Cuba and Bahamas must work together to jointly to combat the abuse of Dominicans fishing in our waters!
Nassau – Information concerning several vessels suspected of being Dominican poaching vessels that were sighted in Bahamian waters by a Bahamian passenger aboard a cruise ship in the Old Bahama Channel resulted in the apprehension of a 70-foot Dominican poaching vessel by the Royal Bahamas Defence Force early Sunday morning.
While on routine patrol in the southern Bahamas, HMBS Madeira, under the command of Senior Lieutenant William Sturrup, was directed to intercept several suspected Dominican fishing vessels in the Cay Lobos/Guinchos Cay area in the southern Bahamas on Saturday.
At approximately 12:30 a.m. Sunday morning, HMBS Madeira spotted several vessels east of Cay Lobos and proceeded to intercept. One was caught but two of them quickly fled into Cuban waters. Upon boarding the Fishing Vessel ‘Ronnye’, the boarding party discovered 46 Dominicans, along with a large quantity of fisheries products.
The Dominicans and their vessel were subsequently escorted to Coral Harbour Base where they, along with their fisheries products were handed over to Police and officials of the Marine Resources Unit and the Ministry of Finance. We wonder where all these good food does go?
HMBS Madeira was previously rammed by a Dominican fishing vessel trying to escape capture in 2016. During the incident, Madeira had apprehended two Dominican vessels in the southern Bahamas. Both captains and crews were charged before the courts and served jail time at the Bahamas Department of Correctional Services. The damage resulted in almost $260,000 dollars in damages.
In June of this year, an arrest was made by HMBS Durward Knowles of a Dominican poaching vessel with almost 9,000 pounds of fisheries products on board near the same area as a result of close collaboration by the Defence Force with the Bahamian fishing community.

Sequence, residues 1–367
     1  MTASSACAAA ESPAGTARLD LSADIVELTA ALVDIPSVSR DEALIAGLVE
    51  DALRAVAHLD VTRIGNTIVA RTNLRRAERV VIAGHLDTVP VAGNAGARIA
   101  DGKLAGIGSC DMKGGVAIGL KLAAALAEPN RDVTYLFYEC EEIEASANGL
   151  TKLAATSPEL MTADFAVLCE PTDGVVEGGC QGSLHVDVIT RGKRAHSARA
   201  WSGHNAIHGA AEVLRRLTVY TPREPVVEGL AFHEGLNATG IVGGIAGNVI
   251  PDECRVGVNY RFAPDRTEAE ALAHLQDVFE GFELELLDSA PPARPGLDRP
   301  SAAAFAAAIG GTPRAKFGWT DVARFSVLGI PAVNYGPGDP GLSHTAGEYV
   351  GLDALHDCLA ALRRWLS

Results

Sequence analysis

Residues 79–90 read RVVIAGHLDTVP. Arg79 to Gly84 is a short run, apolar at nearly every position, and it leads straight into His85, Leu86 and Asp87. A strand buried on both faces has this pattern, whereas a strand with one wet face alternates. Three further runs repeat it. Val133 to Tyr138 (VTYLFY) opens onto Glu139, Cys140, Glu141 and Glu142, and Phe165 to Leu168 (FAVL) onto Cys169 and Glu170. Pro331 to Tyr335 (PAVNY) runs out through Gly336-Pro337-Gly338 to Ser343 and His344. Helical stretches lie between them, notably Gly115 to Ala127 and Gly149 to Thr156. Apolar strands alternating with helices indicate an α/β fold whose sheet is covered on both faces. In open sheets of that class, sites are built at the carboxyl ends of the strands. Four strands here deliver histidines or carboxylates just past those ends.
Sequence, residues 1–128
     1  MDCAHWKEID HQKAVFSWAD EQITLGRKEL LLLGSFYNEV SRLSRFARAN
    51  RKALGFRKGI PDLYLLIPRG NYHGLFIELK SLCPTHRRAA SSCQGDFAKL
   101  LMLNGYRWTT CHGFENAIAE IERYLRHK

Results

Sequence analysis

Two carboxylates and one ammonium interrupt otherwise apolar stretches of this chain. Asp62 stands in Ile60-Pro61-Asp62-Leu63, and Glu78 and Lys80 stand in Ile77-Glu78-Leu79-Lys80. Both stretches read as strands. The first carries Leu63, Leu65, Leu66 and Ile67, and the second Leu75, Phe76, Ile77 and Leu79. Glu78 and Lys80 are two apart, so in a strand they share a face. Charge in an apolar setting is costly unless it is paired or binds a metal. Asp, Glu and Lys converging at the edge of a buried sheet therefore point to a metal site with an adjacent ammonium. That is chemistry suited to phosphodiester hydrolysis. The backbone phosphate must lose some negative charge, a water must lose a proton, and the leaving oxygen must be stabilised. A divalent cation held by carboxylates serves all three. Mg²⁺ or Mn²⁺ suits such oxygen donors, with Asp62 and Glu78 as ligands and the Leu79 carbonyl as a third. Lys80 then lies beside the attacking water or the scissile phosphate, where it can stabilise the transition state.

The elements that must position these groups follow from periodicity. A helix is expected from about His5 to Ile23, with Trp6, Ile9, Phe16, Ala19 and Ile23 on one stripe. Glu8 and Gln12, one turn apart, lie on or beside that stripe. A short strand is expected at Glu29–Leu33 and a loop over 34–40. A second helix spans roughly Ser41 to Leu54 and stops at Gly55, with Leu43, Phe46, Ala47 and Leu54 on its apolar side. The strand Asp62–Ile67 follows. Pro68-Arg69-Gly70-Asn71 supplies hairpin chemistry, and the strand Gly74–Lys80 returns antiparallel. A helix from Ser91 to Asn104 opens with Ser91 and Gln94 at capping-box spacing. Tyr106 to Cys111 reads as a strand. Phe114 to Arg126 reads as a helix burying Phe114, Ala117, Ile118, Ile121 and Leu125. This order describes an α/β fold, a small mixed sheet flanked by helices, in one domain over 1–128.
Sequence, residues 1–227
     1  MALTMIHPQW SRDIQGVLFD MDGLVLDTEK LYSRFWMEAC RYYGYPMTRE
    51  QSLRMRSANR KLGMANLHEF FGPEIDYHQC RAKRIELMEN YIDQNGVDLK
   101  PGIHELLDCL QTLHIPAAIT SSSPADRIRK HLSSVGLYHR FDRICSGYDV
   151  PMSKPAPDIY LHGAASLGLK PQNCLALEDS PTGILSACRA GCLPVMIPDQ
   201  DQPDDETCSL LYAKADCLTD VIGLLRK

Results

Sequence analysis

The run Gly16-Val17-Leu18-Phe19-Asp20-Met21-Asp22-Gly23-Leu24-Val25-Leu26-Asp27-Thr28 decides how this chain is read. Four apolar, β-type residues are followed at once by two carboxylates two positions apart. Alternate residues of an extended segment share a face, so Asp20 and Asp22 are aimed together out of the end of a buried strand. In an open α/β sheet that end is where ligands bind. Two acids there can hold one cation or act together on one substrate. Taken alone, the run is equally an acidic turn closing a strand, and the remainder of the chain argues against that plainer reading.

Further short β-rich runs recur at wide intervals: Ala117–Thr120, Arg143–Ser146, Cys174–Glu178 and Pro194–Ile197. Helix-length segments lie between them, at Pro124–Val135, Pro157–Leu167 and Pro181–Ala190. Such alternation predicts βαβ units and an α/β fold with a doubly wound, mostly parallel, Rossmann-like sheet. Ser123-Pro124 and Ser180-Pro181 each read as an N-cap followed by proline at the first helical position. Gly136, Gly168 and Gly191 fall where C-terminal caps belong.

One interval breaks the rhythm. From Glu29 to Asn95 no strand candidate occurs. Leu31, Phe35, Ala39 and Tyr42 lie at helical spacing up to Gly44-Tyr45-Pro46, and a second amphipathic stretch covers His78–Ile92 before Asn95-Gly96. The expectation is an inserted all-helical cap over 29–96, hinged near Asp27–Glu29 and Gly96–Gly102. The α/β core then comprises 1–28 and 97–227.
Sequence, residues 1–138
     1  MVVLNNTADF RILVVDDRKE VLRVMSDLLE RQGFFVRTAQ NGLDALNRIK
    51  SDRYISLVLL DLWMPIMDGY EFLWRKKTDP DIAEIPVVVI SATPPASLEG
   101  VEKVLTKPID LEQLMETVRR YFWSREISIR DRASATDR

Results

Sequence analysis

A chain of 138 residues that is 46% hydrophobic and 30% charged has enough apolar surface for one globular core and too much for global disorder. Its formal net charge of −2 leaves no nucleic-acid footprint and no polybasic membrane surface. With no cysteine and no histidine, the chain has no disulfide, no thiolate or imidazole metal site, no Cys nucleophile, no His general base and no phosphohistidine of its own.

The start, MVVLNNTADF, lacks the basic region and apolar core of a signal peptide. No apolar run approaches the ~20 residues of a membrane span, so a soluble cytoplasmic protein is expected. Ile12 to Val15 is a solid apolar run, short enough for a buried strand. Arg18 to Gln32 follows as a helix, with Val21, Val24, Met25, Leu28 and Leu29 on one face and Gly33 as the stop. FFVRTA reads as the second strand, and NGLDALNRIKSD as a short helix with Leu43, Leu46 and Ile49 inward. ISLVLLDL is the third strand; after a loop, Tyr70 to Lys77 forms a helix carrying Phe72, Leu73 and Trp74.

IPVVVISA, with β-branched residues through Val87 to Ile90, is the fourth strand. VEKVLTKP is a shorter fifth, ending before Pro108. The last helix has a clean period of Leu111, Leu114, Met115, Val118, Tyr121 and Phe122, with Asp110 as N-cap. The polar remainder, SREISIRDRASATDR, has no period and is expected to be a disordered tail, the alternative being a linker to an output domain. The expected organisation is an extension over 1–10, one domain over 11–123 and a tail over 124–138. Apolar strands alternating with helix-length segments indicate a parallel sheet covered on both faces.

During that incident, the Defence Force had also collaborated with the Cuban Border Guard informing them of several Dominican skiffs that fled into Cuban waters, as they normally do. Cuban authorities were therefore able to apprehend the skiffs with 10 Dominicans on board, who were subsequently prosecuted by Cuban authorities.
The Commander Defence Force, Commodore Tellis Bethel, expressed appreciation on behalf of the Defence Force and himself for the information received from the Bahamian cruise ship passenger. He also encouraged persons with information of suspicious activities to call the Defence Force hotline at 242-376-3816 as information released on social media could inadvertently alert criminals that their activities are known. Persons having knowledge of illicit activities in Bahamian waters are therefore encouraged to call the Defence Force’s Tip Line at 242-376-3816.
This recent sighting by a Bahamian cruise ship passenger would not have been the first time such an incident occurred. Not long ago, a similar sighting was reported by another Bahamian passenger while on a cruise that was also passing through the Old Bahama Channel over a year ago.
During that incident, the Bahamian passenger contacted the Defence Force and reported that he had spotted a Dominican boat poaching in the area. The suspect vessel was intercepted by the Defence Force.
However, it turned out that the would-be poaching vessel, which looked like Dominican fishing vessel, was a Bahamian fishing vessel. Furthermore, unbeknown to the Bahamian passenger at the time, the suspicious vessel he reported was actually one of his fishing vessels.
In addition to patrolling the southern Bahamas, the Defence Force is also working closely with partner law enforcement agencies in Grand Bahama, Bimini, Exuma, and Abaco to prevent illegal fishing, as well as the smuggling of arms, undeclared goods and other contraband by locals and foreigners.